Let's look at the some examples using correlation and regression analysis.

An example data set:

The Goal here is to find the best relation between, Y the dependent variable, and X- the independent variable.

X is the variable that would measure because Y is more difficult, and in some cases might be impossble to Measure.

Since we are measuring X - the role of measurement error will be come important. More on that later.

X Y 10.0 12.5 8.5 11.1 16.8 22.3 11.2 15.4 17.8 25.3 5.4 8.4 21.6 32.6 9.6 18.5 14.0 15.3 13.5 16.8

The correlation between X and Y is shown here:

Y_{pred} = 1.39X + 0.03 ; dispersion = 2.53 ; r = 0.94

Let's calculate the residuals for each data point now.

X Y Y-pred Residual Significance 10.0 12.5 13.93 1.43 0.56 8.5 11.1 11.85 0.75 0.29 16.8 22.3 23.38 1.08 0.43 11.2 15.4 15.60 0.20 0.08 17.8 25.3 24.77 -0.52 -0.21 5.4 8.4 7.53 -0.86 -0.34 21.6 32.6 30.05 -2.54 -1.00 9.6 18.5 13.37 -5.12 -2.02 14.0 15.3 19.49 4.19 1.65 13.5 16.8 18.80 2.00 0.79

Try rejection analysis to improve the fit (mainly lower the scatter). Reject the most deviant point in the above.

That new relation is plotted here:

Y_{pred} = 1.48X -1.76 ; dispersion = 1.96

This representation of the data is a more reliable and robust and allows Y to be more accurately estimated.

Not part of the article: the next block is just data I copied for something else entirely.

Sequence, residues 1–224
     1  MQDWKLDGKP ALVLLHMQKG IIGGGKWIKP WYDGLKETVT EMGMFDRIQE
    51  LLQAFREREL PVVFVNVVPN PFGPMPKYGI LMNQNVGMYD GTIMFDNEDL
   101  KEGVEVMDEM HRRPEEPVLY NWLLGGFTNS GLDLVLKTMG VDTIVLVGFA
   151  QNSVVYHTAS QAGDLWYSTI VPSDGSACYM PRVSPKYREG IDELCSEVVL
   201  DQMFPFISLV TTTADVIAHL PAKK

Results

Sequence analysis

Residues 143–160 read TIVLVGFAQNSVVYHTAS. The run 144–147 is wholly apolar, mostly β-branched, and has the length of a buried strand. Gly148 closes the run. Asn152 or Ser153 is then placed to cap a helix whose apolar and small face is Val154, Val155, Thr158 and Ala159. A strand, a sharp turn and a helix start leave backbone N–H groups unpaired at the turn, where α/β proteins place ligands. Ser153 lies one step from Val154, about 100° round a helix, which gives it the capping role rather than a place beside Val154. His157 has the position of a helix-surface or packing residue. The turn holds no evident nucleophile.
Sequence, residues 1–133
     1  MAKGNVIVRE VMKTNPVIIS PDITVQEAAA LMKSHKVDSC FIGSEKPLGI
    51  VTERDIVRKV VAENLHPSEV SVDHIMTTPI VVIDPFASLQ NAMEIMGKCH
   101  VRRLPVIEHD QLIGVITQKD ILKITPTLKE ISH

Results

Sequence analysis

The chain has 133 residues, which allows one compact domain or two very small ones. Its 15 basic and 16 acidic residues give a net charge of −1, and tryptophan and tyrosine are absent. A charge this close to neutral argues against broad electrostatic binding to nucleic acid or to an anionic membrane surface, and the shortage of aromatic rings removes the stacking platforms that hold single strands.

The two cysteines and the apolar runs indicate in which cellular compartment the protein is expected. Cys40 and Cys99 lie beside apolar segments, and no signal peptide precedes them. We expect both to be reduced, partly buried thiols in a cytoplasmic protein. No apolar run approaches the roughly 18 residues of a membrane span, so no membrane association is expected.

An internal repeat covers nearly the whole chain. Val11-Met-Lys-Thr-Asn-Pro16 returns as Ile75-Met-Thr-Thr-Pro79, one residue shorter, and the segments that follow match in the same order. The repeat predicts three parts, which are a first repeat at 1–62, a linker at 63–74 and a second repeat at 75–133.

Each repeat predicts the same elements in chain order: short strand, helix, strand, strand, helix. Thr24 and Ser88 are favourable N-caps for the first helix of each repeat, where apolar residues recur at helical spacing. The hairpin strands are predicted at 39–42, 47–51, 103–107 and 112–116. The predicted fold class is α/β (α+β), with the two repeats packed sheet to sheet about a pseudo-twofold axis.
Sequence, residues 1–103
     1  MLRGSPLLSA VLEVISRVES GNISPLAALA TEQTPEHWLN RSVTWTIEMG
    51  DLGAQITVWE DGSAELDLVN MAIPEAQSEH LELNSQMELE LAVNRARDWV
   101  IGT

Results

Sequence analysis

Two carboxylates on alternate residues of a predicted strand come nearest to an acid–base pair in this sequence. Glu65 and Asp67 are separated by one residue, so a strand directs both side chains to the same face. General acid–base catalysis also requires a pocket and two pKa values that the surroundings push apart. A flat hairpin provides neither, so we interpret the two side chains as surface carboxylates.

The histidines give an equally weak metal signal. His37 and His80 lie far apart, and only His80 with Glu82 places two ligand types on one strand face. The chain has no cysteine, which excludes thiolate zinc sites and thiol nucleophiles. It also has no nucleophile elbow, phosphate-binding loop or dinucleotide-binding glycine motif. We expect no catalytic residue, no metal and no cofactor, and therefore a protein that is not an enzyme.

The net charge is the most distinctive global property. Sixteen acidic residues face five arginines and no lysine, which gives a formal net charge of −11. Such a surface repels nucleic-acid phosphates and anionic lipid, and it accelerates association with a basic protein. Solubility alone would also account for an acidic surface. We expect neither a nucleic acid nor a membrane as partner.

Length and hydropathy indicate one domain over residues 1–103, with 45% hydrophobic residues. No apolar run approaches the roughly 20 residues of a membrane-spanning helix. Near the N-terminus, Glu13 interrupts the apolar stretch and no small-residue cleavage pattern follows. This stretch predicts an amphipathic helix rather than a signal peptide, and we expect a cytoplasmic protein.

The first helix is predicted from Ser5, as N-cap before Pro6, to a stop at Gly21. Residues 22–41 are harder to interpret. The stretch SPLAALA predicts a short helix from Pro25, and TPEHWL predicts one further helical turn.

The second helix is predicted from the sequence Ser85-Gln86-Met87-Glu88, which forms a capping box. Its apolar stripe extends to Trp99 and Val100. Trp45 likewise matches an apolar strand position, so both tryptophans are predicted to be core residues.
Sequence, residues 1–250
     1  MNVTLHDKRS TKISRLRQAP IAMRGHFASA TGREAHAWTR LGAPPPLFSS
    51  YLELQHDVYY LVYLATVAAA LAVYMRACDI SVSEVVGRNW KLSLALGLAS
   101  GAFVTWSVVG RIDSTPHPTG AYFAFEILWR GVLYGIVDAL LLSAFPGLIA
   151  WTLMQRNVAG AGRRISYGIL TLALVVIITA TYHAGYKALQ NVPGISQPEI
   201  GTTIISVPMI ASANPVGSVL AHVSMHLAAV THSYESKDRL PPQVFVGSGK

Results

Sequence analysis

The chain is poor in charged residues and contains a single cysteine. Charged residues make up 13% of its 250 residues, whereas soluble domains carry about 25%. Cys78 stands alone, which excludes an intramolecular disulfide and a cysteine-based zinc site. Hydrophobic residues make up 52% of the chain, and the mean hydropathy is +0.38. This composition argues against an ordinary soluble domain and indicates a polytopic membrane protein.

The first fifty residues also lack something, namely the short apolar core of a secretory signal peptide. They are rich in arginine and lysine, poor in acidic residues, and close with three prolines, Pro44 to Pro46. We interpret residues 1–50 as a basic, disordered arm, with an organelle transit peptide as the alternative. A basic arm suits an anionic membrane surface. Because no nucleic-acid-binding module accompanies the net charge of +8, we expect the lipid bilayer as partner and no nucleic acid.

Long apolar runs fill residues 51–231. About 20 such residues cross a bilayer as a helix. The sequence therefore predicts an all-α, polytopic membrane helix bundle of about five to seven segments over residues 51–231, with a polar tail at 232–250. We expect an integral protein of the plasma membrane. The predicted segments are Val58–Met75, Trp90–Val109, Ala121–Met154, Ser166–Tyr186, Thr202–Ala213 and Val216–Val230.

About measurement errors in X.

Suppose I have two relations involving different quantities but both use the same independent variable X.

Relation 1:

Y_{1} = 1.5X + 1.5 ; with a dispersion of 0.5 units

Relation 2:

Y_{2} = 6.0X + 2.5 ; with a dispersion of 0.3 units

Suppose that I can only make measurements of X which are accurate
to 10%. This means that, despite a lower disperions,
Y_{2} is less well determined than Y_{1}!

Example: x = 10 +/- 1

Y_{1} = 1.5*10 +1.5 = 16.5

Y_{1} = 1.5*11 +1.5 = 18.0

So 10% uncertainty in X translates into +/- 1.5 unit uncertainty
in Y.

For Y_{2} = 6.0*10 +2.5 = 62.5

For Y_{2} = 6.0*11 +2.5 = 68.5

So 10% uncertainty in X translates into +/- 6.0 unit uncertainty

So relations which have steep slopes require that X be measured very accurately.

About 75 years ago, Astronomers used the simple technique of correlation to discover the Universe was expanding. For nearby galaxies they measured a redshift and plotted that against the distance to the galaxy. Here is the data: